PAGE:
By Geoffrey C Porter
The machine decided it was time to quit smoking. The machine is that force of will inside my head that drives me to both the brink of insanity and the crux of success. I must obey the machine, and today it spoke with a clear metallic voice: quit.
It has been there with me at every one of my darkest turns of fate, controlling me and guiding my actions and words. It calculates with a cold, blinding, murderous precision unmatched by any man-made device.
Perhaps my machine is man-made, though. People have definitely added pieces to it over the years: mother, father, sibling, and best friends. The machine rarely speaks, but when it speaks, I obey. When I am tired, I let it drive me forward. When all is lost, it builds a warm fire for my heart and destiny. When I am caged, the machine still runs free.
It lifts my spirit on lonely days like a quick jolt from a more powerful drug than any dealer sells. I don’t talk about the machine. It told me not to long ago. I think deep down that the machine is a killer. Not just a killer of my fellow man, but the destroyer of dreams and hopes. The machine drives me forward when nothing else will.
I have tried to quit smoking a thousand times in the past, but never with the undivided will of the machine. It sends a flux of ecstasy racing through my tingling veins as I write this. It’s these blasts it triggers that remind me perhaps not everyone has a machine as refined and well oiled as mine. At times, it has been alive in me, coursing precious endorphins through my body multiple times in the day.
The machine is only quieted by the darkest and strongest of modern medicines. Still, I take the medicine, for the machine is truly broken and will spin out of control at the simplest of turns in the path. I wonder sometimes where it would have taken me if I were born 3,000 years ago, before the advent of medicines with the sole design of caging the machine. Would it have driven me to be a great conqueror? Would I have been truly crippled without medicines? Would I have lived in the woods and briars of ancient man like an animal?
Today, I am truly crippled by the machine. It is a great boon to possess a machine, but mine breaks. And it’s not so much the breaking that bothers me, but the plagues of darkness and visions that assault me when the machine does break.
It talks, often saying gibberish like, “It doesn’t matter how much firepower you have,” or “Harkonen Battle Group.” I just ignore it. I’ve gotten good at both allowing the machine to drive me and to ignore its rambling. Sometimes it comes up with a new thought or phrase to assault my brain with; sometimes I have to quiet my mind with simple mantras which I will choose not to share. Over time the machine has become quiet as if biding its time for some great cataclysm. The machine keeps me safe when I drive. Yes. The machine is a big fan of driving, and it is a very safe driver.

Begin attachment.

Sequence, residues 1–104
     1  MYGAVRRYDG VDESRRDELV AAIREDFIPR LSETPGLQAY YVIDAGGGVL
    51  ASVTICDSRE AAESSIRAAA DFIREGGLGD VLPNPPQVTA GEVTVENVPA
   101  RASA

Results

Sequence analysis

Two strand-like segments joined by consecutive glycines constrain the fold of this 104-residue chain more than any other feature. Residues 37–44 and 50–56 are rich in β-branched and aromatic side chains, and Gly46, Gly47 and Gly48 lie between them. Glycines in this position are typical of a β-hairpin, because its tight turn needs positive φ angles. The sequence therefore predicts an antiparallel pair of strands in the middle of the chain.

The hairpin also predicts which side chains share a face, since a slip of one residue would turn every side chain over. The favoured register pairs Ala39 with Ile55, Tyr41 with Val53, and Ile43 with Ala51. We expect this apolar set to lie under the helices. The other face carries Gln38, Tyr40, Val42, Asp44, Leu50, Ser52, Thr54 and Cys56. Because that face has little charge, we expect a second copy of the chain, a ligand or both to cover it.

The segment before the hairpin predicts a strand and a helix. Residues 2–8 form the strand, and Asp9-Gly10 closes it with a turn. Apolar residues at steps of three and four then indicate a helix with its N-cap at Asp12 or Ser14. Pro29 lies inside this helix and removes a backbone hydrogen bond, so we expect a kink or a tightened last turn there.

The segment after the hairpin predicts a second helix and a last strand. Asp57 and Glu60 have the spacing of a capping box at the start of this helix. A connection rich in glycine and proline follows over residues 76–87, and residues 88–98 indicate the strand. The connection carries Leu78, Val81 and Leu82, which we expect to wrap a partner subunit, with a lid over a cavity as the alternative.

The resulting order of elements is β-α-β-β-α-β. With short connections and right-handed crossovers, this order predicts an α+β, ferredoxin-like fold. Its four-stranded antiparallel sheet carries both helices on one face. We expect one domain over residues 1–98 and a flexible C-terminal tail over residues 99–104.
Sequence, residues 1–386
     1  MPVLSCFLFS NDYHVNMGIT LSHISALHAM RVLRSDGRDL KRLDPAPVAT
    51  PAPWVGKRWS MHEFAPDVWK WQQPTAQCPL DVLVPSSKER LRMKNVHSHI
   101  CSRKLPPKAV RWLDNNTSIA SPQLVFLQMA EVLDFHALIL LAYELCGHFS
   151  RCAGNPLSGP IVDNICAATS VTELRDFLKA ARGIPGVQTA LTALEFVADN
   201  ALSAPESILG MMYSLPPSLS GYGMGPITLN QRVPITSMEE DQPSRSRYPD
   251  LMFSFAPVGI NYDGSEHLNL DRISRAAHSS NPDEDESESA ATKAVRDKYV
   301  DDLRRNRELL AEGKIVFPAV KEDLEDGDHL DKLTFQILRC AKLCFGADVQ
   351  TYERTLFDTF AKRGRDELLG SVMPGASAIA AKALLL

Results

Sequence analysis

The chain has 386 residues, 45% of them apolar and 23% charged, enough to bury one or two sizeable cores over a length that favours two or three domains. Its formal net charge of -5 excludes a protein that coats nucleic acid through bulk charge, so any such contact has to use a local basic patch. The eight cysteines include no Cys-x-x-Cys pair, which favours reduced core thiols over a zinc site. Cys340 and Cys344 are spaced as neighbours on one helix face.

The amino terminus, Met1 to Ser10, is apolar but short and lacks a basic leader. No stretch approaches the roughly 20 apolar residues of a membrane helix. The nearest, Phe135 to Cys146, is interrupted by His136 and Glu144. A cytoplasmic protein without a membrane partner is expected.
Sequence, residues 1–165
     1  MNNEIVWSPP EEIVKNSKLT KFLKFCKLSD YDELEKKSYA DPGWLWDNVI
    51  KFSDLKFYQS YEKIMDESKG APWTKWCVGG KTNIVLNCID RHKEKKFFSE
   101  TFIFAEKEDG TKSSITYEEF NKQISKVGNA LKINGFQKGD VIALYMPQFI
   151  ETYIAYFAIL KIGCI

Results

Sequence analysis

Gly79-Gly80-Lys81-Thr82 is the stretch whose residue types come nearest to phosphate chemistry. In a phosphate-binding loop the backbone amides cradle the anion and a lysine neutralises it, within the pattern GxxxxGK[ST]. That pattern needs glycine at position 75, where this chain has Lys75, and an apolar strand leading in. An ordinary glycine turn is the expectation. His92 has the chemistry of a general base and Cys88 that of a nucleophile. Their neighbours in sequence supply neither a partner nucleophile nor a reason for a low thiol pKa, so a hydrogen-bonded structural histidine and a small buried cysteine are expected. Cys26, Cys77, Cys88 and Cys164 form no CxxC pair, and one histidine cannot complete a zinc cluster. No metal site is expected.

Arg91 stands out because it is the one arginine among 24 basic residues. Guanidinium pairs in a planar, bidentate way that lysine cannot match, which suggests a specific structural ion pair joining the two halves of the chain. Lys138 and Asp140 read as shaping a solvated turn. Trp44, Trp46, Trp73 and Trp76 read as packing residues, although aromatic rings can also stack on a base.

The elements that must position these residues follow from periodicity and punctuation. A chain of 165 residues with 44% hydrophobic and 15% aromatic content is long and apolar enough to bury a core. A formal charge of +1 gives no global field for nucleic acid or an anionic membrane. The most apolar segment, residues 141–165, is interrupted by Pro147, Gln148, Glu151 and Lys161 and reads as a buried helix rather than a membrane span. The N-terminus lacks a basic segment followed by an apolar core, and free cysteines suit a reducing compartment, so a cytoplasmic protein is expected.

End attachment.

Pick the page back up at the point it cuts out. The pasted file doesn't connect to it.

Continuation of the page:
I ask myself sometimes if I am alone, and it is imaginary, then nothing, but in a day or a week, it will send a shiver through my body, reminding me of its presence. It decided today was the day to quit, and I obey. No one believes I will quit today. Only I feel the power of the machine, and know I will pay dearly if I don’t quit.
The machine has proven time and again it is capable of waging war, and I know it will beat me, even if it tries to destroy me. It controls my actions and will, moreso than I ever could. It decides when it is time to work. It lets me play when I want, thankfully, but when it’s time to work, I must punch the clock attached to the machine.
It is a hard, diligent worker, but fickle in what it will work on. I can accomplish things without the machine, but I produce wonders with it. The machine is on. It has been years since the machine was on. I have to hope it doesn’t drive me to the abyss, but surely I must embrace its power and let it drive my actions. My hopes and prayers lie in the myriad of anti-psychotic medicines coursing through my veins. The drugs have kept the machine quiet for perhaps too long, and I have a dire feeling that it’s angry and seeking redemption. In the morning, I shall begin to finish an old task, and I am hoping the machine is with me. With the machine, I will make leaps and strides in my work, and without the machine, I will simply putter along at a snail’s pace. The machine was alive today, so I expect it will be with me tomorrow.
The medicines are said to stop working ever so slowly over the years, and I wonder if the machine is finally breaking free of the last of its holds. I dare not share this story with my doctor to see if he wants to prescribe a new medicine. I do not want a new medicine. I want the machine to pulse with life driving my destiny to new heights.
It has been a long time since I’ve used tobacco. It was a great battle, but in the process, have I lost the machine? It no longer sends pulses through my neural system. It no longer keeps me warm on cold nights. It no longer whispers insanities. I miss it.